By Carolina del Busto
By David Rolland
By David Rolland
By Laurie Charles
By Rebecca Bulnes
By Lee Zimmerman
By Rebecca Bulnes
There are few celebrity figures so peerless, few personalities so much larger than life, few faces so recognizable they transcend cultures. American history boasts some: Cary Grant, Frank Sinatra, Marilyn Monroe. Latinos who fit that steep bill? There aren't many. Santana. Julio Iglesias. Dezi Arnaz, perhaps. And, of course, the Queen of Salsa: Celia Cruz.
The late Cruz has long been a symbol of not only Cuban culture but also what it means to be Latino in general. And she was a symbol the world embraced with arms opened effortlessly by her joyous persona. To see her onstage was to feel like you'd known her forever, and the zeal with which she performed was the same with which she approached life. Indeed, she was a tremendous performer and, by all accounts, an incredible person, warm and friendly, with a gift for making others happy.
As such, her name graces a star in Little Havana as well as one on the Hollywood Walk of Fame. But probably the most important memorial comes from Cuban-American filmmakers Joe Cardona and Mario de Varona (Café con Leche and The Flight of Pedro Pan), in the form of their new feature-length documentary, Celia the Queen.
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"They had an access to Celia's life that nobody's ever had," says Cruz's former manager, Omer Pardillo-Cid. "She allowed a crew into her house and to follow her around, because of her confianza with Joe and Mario."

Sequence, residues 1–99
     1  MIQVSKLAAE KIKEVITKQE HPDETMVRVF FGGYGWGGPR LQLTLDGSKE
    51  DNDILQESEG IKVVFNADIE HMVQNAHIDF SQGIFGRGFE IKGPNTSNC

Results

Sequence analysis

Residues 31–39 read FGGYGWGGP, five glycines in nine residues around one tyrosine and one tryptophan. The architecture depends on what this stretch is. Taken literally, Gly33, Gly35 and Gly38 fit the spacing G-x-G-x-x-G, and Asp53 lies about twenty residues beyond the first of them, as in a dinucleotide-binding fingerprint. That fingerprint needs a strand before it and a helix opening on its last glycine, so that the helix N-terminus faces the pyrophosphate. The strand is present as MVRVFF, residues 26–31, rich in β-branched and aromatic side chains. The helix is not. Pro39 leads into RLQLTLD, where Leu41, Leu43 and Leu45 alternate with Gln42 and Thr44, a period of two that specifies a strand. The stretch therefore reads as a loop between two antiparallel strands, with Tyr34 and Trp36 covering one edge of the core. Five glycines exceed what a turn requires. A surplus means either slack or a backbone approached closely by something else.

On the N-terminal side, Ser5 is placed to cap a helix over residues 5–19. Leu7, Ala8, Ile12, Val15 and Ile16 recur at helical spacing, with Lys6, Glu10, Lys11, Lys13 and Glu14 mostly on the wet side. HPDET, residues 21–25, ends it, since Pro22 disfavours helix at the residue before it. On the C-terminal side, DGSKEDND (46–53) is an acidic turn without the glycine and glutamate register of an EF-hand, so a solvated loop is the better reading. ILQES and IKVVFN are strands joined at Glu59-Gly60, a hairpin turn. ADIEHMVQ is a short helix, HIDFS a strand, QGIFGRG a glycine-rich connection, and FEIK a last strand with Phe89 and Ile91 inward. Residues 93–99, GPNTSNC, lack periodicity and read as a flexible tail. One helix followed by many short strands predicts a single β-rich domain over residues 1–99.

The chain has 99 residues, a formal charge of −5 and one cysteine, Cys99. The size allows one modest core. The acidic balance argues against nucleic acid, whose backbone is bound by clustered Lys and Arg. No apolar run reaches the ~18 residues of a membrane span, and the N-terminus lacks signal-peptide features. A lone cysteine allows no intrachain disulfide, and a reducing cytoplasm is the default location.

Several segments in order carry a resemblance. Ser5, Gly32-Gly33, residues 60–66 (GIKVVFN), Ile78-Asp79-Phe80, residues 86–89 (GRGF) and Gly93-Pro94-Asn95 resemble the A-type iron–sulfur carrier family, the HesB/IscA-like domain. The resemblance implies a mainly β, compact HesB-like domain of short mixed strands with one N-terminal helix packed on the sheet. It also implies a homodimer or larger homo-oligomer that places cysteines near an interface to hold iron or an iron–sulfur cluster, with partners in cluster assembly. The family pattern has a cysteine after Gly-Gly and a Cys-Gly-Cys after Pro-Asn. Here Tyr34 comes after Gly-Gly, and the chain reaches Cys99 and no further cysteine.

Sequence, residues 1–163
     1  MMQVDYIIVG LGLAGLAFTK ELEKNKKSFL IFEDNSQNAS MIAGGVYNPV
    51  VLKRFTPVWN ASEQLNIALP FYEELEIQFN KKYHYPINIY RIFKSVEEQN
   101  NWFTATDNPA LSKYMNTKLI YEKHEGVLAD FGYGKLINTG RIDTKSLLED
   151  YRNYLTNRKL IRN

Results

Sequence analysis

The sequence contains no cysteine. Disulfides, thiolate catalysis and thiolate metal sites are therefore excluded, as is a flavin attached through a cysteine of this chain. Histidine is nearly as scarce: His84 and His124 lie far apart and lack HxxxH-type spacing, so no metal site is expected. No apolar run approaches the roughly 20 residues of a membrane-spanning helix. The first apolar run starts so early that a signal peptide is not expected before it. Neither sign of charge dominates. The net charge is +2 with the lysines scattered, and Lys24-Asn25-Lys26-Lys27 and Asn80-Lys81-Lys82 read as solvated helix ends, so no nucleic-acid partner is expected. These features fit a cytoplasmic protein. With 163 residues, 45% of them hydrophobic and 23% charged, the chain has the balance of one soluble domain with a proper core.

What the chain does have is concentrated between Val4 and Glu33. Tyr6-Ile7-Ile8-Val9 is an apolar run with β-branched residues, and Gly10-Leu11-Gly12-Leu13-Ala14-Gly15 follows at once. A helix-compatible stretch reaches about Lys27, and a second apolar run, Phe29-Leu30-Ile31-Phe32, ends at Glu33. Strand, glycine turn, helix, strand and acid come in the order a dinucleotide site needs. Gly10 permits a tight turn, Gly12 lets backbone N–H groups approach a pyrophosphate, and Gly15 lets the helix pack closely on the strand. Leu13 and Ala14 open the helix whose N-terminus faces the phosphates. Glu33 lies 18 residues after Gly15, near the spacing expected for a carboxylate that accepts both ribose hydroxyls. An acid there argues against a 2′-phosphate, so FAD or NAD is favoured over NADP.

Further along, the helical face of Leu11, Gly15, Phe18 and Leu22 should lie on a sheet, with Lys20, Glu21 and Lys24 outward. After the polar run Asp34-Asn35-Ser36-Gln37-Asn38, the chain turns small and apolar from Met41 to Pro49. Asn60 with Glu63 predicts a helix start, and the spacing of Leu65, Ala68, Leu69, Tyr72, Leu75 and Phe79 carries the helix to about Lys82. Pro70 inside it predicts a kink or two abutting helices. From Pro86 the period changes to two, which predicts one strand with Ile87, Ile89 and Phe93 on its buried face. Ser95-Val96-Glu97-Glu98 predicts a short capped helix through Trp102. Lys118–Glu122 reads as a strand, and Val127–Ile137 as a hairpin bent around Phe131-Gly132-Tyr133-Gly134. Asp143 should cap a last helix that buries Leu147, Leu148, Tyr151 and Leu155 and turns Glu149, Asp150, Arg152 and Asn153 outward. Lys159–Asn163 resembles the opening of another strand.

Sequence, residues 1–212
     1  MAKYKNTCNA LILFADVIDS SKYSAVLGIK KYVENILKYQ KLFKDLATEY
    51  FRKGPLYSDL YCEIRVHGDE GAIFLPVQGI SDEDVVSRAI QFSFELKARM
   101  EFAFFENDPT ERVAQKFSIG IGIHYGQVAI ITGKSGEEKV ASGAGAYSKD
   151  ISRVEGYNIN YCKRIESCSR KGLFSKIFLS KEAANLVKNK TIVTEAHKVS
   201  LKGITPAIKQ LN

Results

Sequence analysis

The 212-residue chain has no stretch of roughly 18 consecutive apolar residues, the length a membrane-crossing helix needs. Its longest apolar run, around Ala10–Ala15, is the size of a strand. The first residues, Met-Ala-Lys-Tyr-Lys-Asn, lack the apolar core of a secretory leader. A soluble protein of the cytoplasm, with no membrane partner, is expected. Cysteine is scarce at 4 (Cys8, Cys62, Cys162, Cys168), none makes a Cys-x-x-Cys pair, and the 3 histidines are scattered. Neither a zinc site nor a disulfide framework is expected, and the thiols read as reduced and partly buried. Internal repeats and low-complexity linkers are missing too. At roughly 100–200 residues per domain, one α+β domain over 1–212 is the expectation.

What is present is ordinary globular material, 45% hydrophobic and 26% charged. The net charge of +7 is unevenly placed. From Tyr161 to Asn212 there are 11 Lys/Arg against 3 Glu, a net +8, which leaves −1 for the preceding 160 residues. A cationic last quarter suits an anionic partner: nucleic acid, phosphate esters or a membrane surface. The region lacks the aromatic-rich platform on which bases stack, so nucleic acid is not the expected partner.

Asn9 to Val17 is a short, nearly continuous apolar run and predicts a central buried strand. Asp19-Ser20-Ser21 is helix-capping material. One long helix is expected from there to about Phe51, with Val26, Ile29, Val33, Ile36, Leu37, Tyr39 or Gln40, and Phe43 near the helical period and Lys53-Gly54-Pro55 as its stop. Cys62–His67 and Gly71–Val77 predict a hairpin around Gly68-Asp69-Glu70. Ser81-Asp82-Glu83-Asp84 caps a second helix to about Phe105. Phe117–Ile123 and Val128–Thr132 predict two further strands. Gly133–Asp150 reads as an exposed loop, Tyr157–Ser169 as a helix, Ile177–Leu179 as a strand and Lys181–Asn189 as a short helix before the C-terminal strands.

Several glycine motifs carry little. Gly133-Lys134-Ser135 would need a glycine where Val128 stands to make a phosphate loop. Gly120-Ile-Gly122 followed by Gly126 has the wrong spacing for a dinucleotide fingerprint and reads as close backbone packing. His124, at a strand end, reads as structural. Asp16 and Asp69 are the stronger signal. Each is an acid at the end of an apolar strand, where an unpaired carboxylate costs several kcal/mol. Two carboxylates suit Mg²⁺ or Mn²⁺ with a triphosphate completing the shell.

The film is the realization of a project ten years in the making, from the time Pardillo introduced the duo to Cruz. But to the directors, it also stands for something deeper: the appreciation of her impact on their lives.
"It began as a very personal thing, where we wanted to show the world what we found in the greatness of Celia Cruz and what she meant to us," Cardona says.
Originally slated to be a 50-minute PBS special, it saw countless complications that delayed production. And with Cruz's passing in 2003, the project was shelved out of respect.
"For the world, it was the loss of a great star," Cardona says. "And anytime a voice like Celia's is silenced, it's a sad day."
After that, networks wanting the material made Cardona offers. He declined, not knowing if the project would ever be completed. But time passed, and when the Smithsonian approached him in 2005 for a display about Cruz, he decided the time was right to finish telling the story. After a call to de Varona, with whom Cardona had lost touch, and the serendipitous arrival via Andy Garcia of a Spanish investor named Antonio Jijón, the project once again had legs. Celia the Queen was at last completed, and it premiered in 2008 at the Tribeca Film Festival.
The film lays bare Cruz's private life like none seen before. Interviews comprise individuals from all walks of life who have been influenced by the singer, from living legends such as Quincy Jones and Johnny Pacheco, of Fania fame, to Tato, a tow truck driver living in Hialeah. Celia the Queen promises to touch fans the way Cruz did — with candor and honesty. After sold-out screenings in New York, Rio de Janeiro, and Vancouver, Celia the Queen finally comes to Miami, a place La Reina called her second home. The last of four screenings will take place this Sunday at Regal Cinemas South Beach.